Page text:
You know the rest of the story: with a third of the world’s oil supply either turned radioactive or still burning, pretty much everything is shutting down. Russia may have won the war without firing a shot; they’re now the world’s largest producer and they have no problem throwing their weight around. For all the junta tough talk about “we’ll walk before we kowtow to Moscow,” we’re not going to be able to defend Europe very well if an invader has oil and we don’t. I suppose if Europe can string them along for a few years, Russia will run out of export capacity and they can all go back to fighting on horseback. What we’re going to do here is anyone’s guess. I certainly hope the junta grows a brain cell and realizes that a critical resource can’t depend on the market to allocate it properly.



  1. Here Far! Check this out, this is a graph depicting Iceland's market http://upload.wikimedia.org/wikipedia/commons/c/cf/OMXI15.jpg

    I'll come back later and comment on your story..

  2. Ouch, Yooper. Just ouch. Talk about falling off a cliff…

  3. My friend, that is the reality over at Iceland....

  4. Hiya FAR and Yooper.

    Pretty stark future there FAR.

    Yopper I agree with FAR. That's not just falling off a cliff, but going many feet below ground.

  5. Hey Far! Great addition to the series! Ok, you've got the Ghawar oil field glassed over... The war is over...

    Is it all that unreasonable to think that shortly after we peak, that what may be left(fossil fuels) for another civilization will be a little less than half?

    Aren't we really strecthing the imagine to "assume" that all nonrenewable resource will be consumed?

    It's something to think about...

  6. Hey Far and FM! Yup, what's happening in Iceland is a crying shame. I'm getting reports from three individuals there. Protests against the goverment, etc.. Of course, Iceland is an isolated island (pop. 304,000) and only recently went on line of being idustrialized. None the less, it's the dynamics of it's fall AND the implactions it has on it's trading (importing and exporting)partners, that I'm interested in. There's that little ripple, Far.......


  7. FM, I think "augering in" might be the right term?

    Sure, Yooper, the question is how much? I suspect we'll use up somewhere around 75% — after that, the EROEI will get too low to make it worthwhile to keep burning the stuff (although the chemical properties will continue to be useful).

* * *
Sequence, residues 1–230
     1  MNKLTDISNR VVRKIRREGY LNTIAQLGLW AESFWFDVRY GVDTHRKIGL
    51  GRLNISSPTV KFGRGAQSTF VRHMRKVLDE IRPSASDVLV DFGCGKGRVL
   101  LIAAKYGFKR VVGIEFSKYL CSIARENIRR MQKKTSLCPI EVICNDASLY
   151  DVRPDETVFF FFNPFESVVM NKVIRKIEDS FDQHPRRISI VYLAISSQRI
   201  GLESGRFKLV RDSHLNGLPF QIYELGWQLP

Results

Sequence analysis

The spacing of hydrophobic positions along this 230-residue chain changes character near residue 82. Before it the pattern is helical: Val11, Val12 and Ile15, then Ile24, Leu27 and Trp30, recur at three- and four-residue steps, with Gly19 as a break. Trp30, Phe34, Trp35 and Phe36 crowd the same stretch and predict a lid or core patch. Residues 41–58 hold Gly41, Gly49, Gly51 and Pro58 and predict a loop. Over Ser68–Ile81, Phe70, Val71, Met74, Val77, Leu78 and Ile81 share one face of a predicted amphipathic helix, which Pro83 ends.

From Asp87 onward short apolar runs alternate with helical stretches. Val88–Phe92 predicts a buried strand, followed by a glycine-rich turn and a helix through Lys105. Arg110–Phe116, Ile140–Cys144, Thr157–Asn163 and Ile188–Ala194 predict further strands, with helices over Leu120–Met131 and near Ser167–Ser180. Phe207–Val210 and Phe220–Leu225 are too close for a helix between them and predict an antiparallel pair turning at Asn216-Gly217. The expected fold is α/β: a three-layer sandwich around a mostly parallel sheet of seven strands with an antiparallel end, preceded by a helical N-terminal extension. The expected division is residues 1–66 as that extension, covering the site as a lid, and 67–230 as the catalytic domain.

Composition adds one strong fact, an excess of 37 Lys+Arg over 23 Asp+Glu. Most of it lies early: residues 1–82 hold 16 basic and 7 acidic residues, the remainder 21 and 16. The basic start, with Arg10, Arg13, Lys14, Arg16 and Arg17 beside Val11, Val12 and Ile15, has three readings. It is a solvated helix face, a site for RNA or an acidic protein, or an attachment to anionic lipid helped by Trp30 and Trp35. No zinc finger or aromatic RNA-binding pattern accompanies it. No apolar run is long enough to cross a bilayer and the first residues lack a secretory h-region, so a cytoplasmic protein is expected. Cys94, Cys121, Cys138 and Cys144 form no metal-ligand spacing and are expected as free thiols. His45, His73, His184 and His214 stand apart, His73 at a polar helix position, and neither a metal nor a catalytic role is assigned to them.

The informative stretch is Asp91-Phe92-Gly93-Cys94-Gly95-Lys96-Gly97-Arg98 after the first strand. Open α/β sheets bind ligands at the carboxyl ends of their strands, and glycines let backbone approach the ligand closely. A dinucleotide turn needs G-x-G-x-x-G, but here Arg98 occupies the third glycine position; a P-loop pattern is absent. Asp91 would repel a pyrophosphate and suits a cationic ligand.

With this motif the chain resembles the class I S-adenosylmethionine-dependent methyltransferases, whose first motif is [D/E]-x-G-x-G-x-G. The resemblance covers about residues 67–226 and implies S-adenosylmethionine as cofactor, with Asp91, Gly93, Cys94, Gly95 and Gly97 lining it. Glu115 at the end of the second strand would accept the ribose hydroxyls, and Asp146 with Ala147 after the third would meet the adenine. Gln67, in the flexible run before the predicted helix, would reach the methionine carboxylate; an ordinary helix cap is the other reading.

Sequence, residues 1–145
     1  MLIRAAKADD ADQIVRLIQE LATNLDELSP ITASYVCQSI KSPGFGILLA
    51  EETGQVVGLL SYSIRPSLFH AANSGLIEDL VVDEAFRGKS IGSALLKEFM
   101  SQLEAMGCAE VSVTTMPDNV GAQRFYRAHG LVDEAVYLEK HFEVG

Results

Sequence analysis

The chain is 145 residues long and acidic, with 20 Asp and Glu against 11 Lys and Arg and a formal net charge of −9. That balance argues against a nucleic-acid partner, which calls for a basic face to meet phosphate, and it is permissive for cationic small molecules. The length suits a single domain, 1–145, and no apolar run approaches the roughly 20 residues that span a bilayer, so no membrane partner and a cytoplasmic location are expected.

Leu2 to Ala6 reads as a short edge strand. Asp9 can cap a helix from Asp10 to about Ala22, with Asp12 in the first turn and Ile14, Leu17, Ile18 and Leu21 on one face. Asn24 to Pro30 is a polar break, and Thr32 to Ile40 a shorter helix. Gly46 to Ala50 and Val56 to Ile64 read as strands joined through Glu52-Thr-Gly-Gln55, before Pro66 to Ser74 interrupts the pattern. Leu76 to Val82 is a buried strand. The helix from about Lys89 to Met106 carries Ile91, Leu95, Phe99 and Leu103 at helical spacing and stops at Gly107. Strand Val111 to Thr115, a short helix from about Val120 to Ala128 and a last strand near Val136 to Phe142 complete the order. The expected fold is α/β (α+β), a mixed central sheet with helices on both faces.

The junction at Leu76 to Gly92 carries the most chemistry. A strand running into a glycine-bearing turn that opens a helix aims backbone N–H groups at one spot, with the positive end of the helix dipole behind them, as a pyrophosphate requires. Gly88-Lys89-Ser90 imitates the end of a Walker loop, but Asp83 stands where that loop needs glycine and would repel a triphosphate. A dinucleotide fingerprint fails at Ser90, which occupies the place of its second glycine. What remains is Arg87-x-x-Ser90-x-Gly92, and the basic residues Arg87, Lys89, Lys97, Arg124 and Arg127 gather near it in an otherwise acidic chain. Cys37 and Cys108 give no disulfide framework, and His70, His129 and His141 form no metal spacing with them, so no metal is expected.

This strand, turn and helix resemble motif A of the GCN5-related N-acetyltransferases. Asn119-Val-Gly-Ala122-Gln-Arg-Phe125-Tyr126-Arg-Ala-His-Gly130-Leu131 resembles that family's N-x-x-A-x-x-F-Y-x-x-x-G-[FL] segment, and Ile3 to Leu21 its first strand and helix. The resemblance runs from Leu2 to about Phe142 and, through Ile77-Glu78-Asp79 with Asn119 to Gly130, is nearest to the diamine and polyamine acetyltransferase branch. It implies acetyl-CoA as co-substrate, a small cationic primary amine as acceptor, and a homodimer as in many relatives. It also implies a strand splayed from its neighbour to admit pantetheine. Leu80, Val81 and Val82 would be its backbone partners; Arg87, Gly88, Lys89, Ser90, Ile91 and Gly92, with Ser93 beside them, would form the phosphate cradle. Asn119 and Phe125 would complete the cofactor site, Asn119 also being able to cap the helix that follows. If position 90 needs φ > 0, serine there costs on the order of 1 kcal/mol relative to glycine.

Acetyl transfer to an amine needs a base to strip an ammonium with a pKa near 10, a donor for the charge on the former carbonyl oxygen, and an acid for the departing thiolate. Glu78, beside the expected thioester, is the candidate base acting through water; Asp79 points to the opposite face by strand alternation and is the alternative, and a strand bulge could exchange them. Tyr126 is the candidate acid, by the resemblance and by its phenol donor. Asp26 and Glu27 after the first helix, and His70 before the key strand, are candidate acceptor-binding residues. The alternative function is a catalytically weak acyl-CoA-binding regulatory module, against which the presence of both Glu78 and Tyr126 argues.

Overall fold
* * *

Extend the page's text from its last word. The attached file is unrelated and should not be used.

As for Iceland, I think once they reset their economy they'll be OK. They have enough geothermal power on tap to keep the lights on & their houses warm for the duration; I think Aruba or Trinidad (some island in the Caribbean anyway) was talking about building a refinery in Iceland last year. The question is whether they can trade their exports (fish, ferrosilicon) for other food or fuel as needed.

  8. You see Far, I was taught to never make assumptions.. Going beyond this, is were most mistakes are made, agree?

    Gee, I hope Iceland can somehow turn their finacial situation around, but I have my doubts. Their market may be too far away and the EROEI, might not make it economically feasible any longer..(No wonder, I know of this first hand, eh? How can we support industry here? We're simply to far from the market). You bet, their potential energy factor makes the island very attractive, however that takes money to maintain (and X amount of people). I'll likely continue my interest in Iceland, as this is where my interest lies, population, isolation, etc...

  9. The up side, if there is one, is that the war is finally over. Pitty the cost.

  10. Hey all!

    Yooper, I have hope for Iceland simply because they *can* heat their homes and keep the lights on without any outside help. Whether refinery projects would be worthwhile in the current economy is questionable, no doubt, but they were a poor (but still viable) country not that long ago. Cancel the funny money, trade what they need for what they can supply, and they shouldn't do any worse than 1970. Better, actually, since they've tapped their huge geothermal resources since then.

    I know what you mean about the UP, but ironically fuel shortages might spell better times at least for Marquette or Houghton. I remember hearing stories at Da Tech about students sneaking into abandoned mines where they could just pull huge pieces of nearly pure copper off the walls. If it gets too expensive to ship copper ore from Africa or Asia, or iron ore from West Bumblefuzz, where is North America going to get ore? Will recycling be more economical than smelting high-grade ore?

    Boran, exactly. I've noticed that in upcoming episodes I don't talk much about what's going on in the Wide World. But the world just got much larger, even with instant communication.